When using open culture (dish or culture flask with loose cap culture or culture plate culture), cells are generally placed in a mixed gas environment of 95% air and 5% carbon dioxide. CO2 is not only a metabolite of cells, but also a cell growth site. It is related to maintaining the pH of the medium. In the case of low CO2 concentration in the airtight bottle, cells are easy to grow, generally not less than 1%, otherwise it will damage the cells. Increased CO2 will reduce the pH value.
Most cells are suitable for growth under the conditions of pH 7.2 to 7.4, lower than pH 6.8 or higher than pH 7.6 is harmful to cells, and even degeneration or death. Various cells have different requirements for pH. The acidic environment is more favorable for cell growth than the alkaline environment.
4. Non-toxic and sterile
Non-toxic and sterile are the primary environmental conditions for culturing cells in vitro. Cells go deep into the living body and occasionally invade bacteria or harmful substances. Because the body has a strong detoxification system and immune system, it can be detoxified or eliminated without being easily damaged. But in vitro environment, the defense system is lost. Once harmful substances invade or bacterial contamination, it can lead to cell death and abandon all previous efforts. For example, if there is cytotoxicity on the culture flask, culture dish, medium, and bottle stopper, The culture process can cause cell death. Therefore, when selecting these utensils and materials, pay attention to it. If these items are not thoroughly disinfected, they carry bacteria or accidentally contaminate the cells during the operation process, they will also cause cell death. If cross-contamination occurs, the original cell loses its original characteristics. So it should be paid enough attention.
5. Radiation and ultrasonic
The wavelength of visible light is 390~780nm. Various colored light of visible light can cause cell degeneration, prolong the interval of nuclear fission, and significantly reduce the ability of cell attachment. Therefore, cells cultured in vitro should avoid direct sunlight, preferably in cultivation or short-term storage in the dark.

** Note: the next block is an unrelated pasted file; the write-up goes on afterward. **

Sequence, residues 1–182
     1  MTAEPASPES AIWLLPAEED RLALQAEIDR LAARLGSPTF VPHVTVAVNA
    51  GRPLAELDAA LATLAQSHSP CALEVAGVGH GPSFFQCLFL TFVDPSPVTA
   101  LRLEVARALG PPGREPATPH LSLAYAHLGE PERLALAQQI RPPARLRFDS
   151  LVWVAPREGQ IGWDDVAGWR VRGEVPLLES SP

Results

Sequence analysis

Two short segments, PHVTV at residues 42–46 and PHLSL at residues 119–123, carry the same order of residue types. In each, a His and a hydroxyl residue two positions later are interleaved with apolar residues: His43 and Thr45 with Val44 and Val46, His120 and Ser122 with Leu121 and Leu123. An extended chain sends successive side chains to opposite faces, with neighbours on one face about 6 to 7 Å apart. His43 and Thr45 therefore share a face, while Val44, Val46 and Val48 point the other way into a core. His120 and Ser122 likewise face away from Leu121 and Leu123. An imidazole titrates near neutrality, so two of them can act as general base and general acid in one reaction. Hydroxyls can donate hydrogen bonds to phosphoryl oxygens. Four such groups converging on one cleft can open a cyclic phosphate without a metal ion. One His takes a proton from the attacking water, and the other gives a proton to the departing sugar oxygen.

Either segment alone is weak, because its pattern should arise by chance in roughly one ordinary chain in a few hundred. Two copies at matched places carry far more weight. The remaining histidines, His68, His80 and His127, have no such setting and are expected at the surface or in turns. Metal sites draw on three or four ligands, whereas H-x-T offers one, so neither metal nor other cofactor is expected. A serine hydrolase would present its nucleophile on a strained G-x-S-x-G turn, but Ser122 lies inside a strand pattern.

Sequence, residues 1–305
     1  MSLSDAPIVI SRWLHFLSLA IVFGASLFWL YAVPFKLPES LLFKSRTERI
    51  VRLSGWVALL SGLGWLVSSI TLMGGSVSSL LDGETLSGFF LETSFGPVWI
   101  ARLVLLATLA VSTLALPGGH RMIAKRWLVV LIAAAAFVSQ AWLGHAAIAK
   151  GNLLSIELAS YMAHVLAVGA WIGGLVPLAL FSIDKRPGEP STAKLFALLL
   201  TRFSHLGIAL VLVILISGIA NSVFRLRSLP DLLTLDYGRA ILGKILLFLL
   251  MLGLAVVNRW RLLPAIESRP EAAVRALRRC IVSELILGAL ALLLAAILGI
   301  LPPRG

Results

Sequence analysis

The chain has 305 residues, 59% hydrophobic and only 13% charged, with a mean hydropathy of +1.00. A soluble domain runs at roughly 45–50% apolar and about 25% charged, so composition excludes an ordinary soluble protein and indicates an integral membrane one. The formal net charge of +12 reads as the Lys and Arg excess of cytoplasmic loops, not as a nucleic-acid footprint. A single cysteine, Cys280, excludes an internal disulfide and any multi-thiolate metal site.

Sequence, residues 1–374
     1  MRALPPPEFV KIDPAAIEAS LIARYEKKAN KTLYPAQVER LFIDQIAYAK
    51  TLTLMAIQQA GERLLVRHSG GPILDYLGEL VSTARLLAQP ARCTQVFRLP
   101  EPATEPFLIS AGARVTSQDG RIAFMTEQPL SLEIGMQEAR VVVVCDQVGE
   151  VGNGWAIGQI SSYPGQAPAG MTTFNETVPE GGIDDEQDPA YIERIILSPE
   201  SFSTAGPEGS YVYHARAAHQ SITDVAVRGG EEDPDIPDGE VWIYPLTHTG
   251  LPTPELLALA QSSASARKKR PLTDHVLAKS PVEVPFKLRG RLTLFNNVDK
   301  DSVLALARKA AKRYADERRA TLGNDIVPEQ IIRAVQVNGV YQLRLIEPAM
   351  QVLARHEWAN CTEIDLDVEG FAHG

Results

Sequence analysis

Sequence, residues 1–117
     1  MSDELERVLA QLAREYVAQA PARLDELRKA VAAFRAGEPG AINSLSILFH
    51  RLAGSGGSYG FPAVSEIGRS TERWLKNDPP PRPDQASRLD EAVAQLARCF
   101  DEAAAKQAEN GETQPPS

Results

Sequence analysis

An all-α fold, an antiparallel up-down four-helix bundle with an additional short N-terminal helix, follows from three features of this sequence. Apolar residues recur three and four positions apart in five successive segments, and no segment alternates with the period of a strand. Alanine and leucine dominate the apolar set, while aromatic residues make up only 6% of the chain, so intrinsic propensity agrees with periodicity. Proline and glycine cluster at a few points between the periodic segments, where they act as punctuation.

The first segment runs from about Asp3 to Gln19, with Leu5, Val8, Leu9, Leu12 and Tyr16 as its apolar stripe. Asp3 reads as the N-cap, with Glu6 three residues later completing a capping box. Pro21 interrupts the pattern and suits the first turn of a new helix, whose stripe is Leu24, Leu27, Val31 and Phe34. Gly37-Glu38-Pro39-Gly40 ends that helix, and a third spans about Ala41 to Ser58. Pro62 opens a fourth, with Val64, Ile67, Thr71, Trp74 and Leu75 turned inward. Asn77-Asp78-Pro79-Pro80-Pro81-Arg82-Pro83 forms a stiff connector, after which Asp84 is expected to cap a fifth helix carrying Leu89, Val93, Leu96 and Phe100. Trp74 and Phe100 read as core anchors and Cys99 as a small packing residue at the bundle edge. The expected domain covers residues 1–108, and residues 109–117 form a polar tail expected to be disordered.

Cells with strong tolerance under weak ultraviolet light do not change much, but they do damage to sensitive cells. When ultraviolet light is strong, complete mitosis cannot be carried out; syneresis is increased during mitosis.
X-rays have obvious damage to cells. B-rays can affect the division of nuclei. R-rays reduce the number of nuclear divisions and cause abnormal nuclear divisions, which can cause cell death.
Under ultrasonic vibration, the cells will quickly rupture. The cause of cell death is caused by cavitation. When the ultrasound is at 2.5W/c㎡, the cells are damaged and the chromosomes are aberrated, and the nuclear chromosomes are the first to be aberrated.
6. Cell seeding density
In vitro culture of cells, the cell seeding number has an impact on the growth of cells. A suitable seeding density can promote cell proliferation. If the seeding density is too low or too high, it is not conducive to the growth and proliferation of cells.
How to choose an appropriate inoculation concentration should be determined according to the metabolism and growth and reproduction speed of cells and the needs of work. Generally speaking, cells with vigorous metabolism and fast growth (such as tumor cells) should be inoculated with a low concentration; while for normal tissue cells, the growth is slower and the metabolism is not vigorous enough, and the inoculation concentration can be high; if it is to preserve the seed or not need urgent use, the inoculation can be lower; sometimes in order to facilitate the observation of the cell morphology and structure, the inoculation concentration can also be appropriately reduced.
7. Container rotation speed
Sometimes the cultured cells are rotated in the container for research needs, the reason may be that the rotation provides sufficient nutrients material flow and full oxidation.